There’s a whole lot of information languishing around in Alameda County.
Like the number of times people have reported bedbugs. Or the county’s various fictitious business names. Or the reports of disease.
Now officials are hoping some clever programmers, coders, community activists, and entrepreneurs will come together to turn the county’s raw data into web and mobile applications. Alameda County is sponsoring its second “Alameda County Apps Challenge,” on Saturday April 27 at Berkeley High School. “Got code?” is the theme of the daylong hackathon.
“The Apps Challenge is one example of the ways the county is using cutting-edge technology to increase government transparency and assist residents in accessing vital information,” Keith Carson, president of the Alameda County Board of Representatives said in a press release. “I am excited to co-host this event in the heart of my district in Berkeley, a city know for both its civic activists and technology entrepreneurs.”
About 100 people showed up to Alameda County’s first hackathon in Castro Valley in December. (See video below for recap.) Officials are hoping to attract 150 to the April 27 event, which runs from 10 a.m. to 7 p.m.
In order to attract interest, the hackathon is designed as a competition with $5,000 in prizes. The first place winner will get $3,000, the second place winner will get $1,500, and the third place winner will get $500, according to Hannah Greene, Carson’s communications manager.
The winners of the Dec, 8th challenge were:
· AC BookIt! – a clever mobile app that allows users to check if a book is available in the Alameda County library system, reserve the book and get the library’s address. Available on the Apple App Store.
· ACPR Finder – an app developed by high school students that sifts through County Parks and Recreation Data to provide useful information about local parks, trails and recreation facilities.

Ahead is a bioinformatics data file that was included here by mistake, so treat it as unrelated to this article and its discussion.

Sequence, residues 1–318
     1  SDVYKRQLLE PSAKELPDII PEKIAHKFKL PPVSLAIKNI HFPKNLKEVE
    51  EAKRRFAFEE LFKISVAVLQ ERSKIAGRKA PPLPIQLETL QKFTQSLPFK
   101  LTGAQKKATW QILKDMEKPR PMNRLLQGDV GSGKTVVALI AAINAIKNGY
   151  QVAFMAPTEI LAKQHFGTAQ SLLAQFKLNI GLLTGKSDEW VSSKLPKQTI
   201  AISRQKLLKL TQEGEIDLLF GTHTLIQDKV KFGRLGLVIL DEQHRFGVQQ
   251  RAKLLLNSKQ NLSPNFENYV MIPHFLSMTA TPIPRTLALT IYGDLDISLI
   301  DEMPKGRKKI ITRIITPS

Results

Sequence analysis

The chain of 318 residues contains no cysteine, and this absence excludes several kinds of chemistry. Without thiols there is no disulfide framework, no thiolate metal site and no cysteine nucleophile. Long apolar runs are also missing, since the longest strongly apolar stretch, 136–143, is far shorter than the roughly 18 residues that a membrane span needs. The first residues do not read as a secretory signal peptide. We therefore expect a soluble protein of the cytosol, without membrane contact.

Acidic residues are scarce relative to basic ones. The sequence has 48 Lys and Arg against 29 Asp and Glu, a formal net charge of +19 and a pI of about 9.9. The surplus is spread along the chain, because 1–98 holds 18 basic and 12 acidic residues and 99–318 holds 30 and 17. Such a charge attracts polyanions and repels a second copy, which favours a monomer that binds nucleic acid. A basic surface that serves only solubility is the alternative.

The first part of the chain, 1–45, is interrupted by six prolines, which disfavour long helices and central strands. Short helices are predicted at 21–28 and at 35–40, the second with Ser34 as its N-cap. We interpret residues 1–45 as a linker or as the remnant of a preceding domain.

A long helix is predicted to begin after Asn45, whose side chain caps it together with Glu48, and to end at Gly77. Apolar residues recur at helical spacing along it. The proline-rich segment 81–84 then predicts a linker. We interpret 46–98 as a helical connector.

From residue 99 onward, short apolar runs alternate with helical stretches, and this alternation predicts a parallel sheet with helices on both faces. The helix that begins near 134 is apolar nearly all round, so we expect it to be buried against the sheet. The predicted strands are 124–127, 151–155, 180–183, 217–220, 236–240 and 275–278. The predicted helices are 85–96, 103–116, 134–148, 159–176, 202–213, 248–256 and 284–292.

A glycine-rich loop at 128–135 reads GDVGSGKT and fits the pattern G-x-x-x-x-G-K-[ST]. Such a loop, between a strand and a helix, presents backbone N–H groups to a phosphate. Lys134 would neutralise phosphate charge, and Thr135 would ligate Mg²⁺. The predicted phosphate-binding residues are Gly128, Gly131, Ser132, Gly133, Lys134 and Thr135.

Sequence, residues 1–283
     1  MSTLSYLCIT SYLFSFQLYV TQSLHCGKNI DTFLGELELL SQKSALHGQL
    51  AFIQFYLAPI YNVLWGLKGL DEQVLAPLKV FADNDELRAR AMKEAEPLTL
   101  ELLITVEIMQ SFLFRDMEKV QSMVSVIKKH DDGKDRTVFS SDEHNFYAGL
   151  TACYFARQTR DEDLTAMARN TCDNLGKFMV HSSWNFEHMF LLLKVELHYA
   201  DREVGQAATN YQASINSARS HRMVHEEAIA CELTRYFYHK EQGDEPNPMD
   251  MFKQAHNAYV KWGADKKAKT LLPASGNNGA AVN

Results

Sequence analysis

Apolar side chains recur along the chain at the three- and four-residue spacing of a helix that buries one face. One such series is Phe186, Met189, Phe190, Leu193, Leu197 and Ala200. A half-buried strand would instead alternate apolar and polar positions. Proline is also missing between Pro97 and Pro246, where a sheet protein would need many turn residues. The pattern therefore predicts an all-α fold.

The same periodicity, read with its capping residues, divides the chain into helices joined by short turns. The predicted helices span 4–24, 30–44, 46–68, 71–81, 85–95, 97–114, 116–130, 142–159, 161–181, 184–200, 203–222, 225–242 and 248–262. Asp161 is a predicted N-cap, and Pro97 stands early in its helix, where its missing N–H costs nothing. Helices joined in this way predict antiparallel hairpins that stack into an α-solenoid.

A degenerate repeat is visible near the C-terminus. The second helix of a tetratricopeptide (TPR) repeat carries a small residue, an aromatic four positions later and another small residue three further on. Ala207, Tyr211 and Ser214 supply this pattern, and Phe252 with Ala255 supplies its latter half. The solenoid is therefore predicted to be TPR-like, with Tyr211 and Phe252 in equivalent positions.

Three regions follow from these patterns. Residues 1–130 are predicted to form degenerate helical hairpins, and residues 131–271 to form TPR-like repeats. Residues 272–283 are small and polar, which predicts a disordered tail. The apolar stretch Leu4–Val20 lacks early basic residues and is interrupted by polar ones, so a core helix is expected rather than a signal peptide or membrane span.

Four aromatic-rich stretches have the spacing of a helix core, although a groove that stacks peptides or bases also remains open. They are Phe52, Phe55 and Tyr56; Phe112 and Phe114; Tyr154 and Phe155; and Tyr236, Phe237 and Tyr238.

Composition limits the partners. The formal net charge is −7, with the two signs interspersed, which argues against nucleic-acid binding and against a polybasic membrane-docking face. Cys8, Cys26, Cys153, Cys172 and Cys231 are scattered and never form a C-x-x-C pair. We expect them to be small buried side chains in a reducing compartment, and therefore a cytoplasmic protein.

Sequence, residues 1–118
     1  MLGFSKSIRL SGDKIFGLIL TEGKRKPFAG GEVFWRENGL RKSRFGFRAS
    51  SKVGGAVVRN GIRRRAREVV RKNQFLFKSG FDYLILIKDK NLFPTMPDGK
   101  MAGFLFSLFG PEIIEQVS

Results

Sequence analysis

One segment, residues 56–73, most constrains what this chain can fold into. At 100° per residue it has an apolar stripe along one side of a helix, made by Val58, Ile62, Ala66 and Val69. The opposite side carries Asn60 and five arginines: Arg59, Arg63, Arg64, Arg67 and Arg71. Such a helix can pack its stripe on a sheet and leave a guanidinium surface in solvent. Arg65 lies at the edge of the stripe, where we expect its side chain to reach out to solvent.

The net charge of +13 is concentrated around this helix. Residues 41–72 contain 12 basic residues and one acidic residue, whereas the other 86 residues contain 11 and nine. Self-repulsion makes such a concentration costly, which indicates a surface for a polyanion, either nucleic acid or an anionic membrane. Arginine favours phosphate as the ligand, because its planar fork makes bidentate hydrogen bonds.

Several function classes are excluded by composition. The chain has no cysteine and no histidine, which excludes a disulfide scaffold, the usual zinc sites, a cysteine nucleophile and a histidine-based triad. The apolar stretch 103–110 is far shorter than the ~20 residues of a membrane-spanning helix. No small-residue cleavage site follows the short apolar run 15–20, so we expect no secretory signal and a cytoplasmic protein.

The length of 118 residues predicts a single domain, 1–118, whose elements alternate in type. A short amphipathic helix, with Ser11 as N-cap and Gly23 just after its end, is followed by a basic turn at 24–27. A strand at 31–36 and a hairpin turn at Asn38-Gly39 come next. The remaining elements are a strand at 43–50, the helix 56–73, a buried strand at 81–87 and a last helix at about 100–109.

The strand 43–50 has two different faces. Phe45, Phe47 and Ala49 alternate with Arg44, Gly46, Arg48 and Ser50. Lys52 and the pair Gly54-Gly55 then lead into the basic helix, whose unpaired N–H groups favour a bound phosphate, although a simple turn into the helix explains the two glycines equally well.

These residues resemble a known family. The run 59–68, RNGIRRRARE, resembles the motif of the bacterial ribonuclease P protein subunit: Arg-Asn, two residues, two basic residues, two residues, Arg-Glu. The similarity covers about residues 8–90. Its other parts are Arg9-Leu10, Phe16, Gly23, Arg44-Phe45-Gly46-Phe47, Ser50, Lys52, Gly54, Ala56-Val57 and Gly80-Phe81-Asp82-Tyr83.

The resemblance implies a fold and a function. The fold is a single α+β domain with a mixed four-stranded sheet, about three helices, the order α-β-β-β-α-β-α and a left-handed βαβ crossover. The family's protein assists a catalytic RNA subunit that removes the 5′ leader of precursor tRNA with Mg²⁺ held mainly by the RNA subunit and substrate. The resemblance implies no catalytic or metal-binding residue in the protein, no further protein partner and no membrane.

· SNAPMapper – the Yelp for food-stamp users, which shows stores that accept food stamps and is organized by distance, price or quality.
The Apps Challenge is part of a nation-wide movement stemming in part from President Obama’s Open Government Initiative, which directed government agencies to increase transparency and implement open data policies. Both San Francisco and Oakland have organized hackathons.
The material available to explore is varied, and includes public health data, crime statistics, lists of green businesses, a list of HUD residences, restaurant inspections, ARTSFUNDs grantees, and more. In all, there are 96 data sets available to use.
County Administrator Susan S. Muranishi hopes the Berkeley hackathon can take advantage of both the data available and the community’s creativity.
“The events are offering new ways that we can raise public awareness about the many services Alameda County provides,’’ she said. “They also are an exciting way we can leverage the vast pool of talent and creativity available in our community to enhance and increase accessibility to the diverse array of County services.”
Participants don’t have to know how to write code, according to Greene. If someone comes with an idea, they will be paired up with someone who is technologically-savvy, she said. People can work alone or in teams. If someone has an idea about an app but cannot come to the hackathon, they can submit it.
Tickets to participate cost $15; but $10 for students and seniors. Government employees get in free. Food will be provided.Participants should bring a laptop.